Cover Letter Intro Example #6
Over the past year as digital marketing manager at [Company XYZ], I’ve generated $50k+ in revenue, increased organic traffic to our blog by 18%, and almost tripled our social media ROI.
7. Use humor and creativity
Recruiters are human beings, too (shocking). In a pile of boring resumes and repetitive cover letters and motivation letters , they may find a good joke, juicy pun, or funny opening line a nice refreshing break.
It can even be a reason to call you up for an interview.
So if the company seems to have an easygoing vibe, use humor to bring attention to your skills or relevant personal traits that are needed for the position you’re targeting.
Cover Letter Intro Example #7
Before I flood you with all the reasons why I’m going to be your next writer, I would like to tell you a little about myself. I didn’t learn to hold a pencil until I was about six years old, which made everyone think I’d never pen a single letter. And now here I am, bidding to become your next Shakespeare.
Cover letter beginning: What other things to include?
Now that you saw some great examples of cover letter openings, you may wonder what else can you do to perfect your cover letter introduction.
Well, there are a few other key elements that a good cover letter beginning should include :
- contact information both for you and the company
- headline (optional)
- personalized greeting
To know where to put this information, just scroll down.
Find out your resume score!
This is the place for your and your company’s contact information.
Make sure that right at the top of the page you list your contact details such as:
- phone number
Optionally, you can also include:
- your professional title
- date of birth
- current date
- personal website/LinkedIn
Additionally, never forget to add company-related information . You should always include the manager’s recruiter’s name (if it was made available to you), job title department, the name of the company, and their address.
Left align all of this information. Or make it easy for yourself and choose a pre-designed cover letter template and only fill in the details.
You don’t have to include it, but it can help you grab the hiring manager’s attention.
In your cover letter headline, you can use numbers, questions, or interesting adjectives .
It can be something like “5 Ways I Can Help You Improve Your Company’s Marketing.”
Alternatively, you can just state the name of the position you’re applying for.
Salutation (or how to address a cover letter)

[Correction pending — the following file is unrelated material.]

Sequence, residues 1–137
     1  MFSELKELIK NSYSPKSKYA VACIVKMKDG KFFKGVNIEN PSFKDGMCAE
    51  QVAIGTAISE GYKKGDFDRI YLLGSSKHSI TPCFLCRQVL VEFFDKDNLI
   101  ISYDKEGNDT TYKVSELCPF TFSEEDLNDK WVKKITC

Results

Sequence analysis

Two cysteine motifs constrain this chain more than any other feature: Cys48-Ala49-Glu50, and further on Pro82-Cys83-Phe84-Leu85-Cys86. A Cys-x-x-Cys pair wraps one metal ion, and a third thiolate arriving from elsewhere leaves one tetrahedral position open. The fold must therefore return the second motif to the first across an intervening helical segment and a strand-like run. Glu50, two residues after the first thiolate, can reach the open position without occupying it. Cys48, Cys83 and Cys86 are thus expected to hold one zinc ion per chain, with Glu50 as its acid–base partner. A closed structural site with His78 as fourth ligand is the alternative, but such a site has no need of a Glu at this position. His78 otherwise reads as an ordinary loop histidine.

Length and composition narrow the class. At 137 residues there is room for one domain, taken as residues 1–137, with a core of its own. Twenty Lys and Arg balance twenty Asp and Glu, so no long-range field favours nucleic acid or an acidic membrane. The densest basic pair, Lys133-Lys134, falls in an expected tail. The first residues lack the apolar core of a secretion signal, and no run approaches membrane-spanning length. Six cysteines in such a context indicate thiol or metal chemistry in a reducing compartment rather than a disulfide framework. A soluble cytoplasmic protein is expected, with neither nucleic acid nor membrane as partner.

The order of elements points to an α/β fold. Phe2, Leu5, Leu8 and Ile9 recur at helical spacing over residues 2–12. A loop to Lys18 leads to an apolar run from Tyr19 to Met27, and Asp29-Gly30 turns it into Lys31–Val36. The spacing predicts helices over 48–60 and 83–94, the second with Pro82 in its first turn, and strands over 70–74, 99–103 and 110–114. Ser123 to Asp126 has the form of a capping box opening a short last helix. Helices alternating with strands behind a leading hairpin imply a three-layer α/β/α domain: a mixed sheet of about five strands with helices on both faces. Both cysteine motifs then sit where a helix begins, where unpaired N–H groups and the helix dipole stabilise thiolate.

Try to avoid using “To Whom it May Concern” or “Dear Sir/Madam” . This form of address, while correct, has become so overused it won’t help you stand out at all.
Instead, try to research the hiring manager’s name online . Look at the job posting, and check the company’s website or LinkedIn . (Did you know that you can turn your LinkedIn profile into a great resume with just one click?)
Alternatively, you can address it to the whole team or HR.
Generally, stick to these rules:
- How to address a cover letter to a recruiter or hiring manager: The best practice is to use a personalized greeting in the following form: “Dear [first name]” or “Dear Mr./Mrs. [last name]” for formal companies.
- How to address a cover letter to multiple recipients: If you’re addressing your cover letter to the entire team or human resources, you can use “Dear [name of the company/department] Team” or “Dear Human Resources” .
- How to address a cover letter to an unknown person: If you fail to find the hiring manager’s name and don’t want to address your cover letter to an entire team or HR, use “Dear Hiring Manager” , or “Dear Recruitment Officer” .
After the salutations, you can continue with an attention-grabbing intro paragraph.
HR expert tip: Christy’s word of advice
“In general, a traditional formal cover letter is the safest bet. But there are times when you can totally throw that advice out the window and have a bit of fun putting your personality on paper! Take a look at how the company brands its ‘voice’ on its website and in the job description. Do they sound relaxed and personality-driven? Is formality anathema to them? If yes, don’t be afraid to reciprocate (while still keeping it professional). After all, you’re not just applying for a job: you’re applying to be part of the company’s culture”. — Christy Morgan, Resident HR Expert
Key takeaways: How to begin a cover letter
To sum up — the beginning of your cover letter will determine whether the hiring managers will read the rest of it or not.
If you want them to pay attention to what you have to say, make sure your cover letter opening:
- Uses a personalized greeting
- Says who you are
- Shows you’re passionate about the job or the company
- Highlights your top (and relevant) accomplishments and skills
- Mentions a mutual contact
- Reflects the company’s tone of voice
- Is tailored to a specific position and company’s needs
- Uses keywords from the job description
- Is short, nice, and direct
Of course, the rest of your cover letter is important too.
If you’d like to know what to write in the rest of your letter, check out our complete cover letter guide , get inspired by cover letter examples , or learn how to end a cover letter .
This article was recently updated. The original article was written by Nikoleta Žišková in 2021.
Kaja Jurcisinova is a fresh graduate and a junior copywriter at Kickresume. Kaja completed her undergraduate degree in Art History at the University of St Andrews in 2018 and graduated with a Master’s in Arts and Culture from the University of Groningen in 2021. She was an intern at multiple cultural institutions across Europe, including the Dutch Museum Association in Amsterdam, the Matter of Art Biennale in Prague, and the European Cultural Centre in Venice. At the moment, she resides in Visby on the Swedish island of Gotland.
Hungry for more?
How to write a professional resume summary [+examples], how to put your education on a resume [+examples], how to describe your work experience on a resume [+examples], let your resume do the work..
Join 3,600,000 job seekers worldwide and get hired faster with your best resume yet.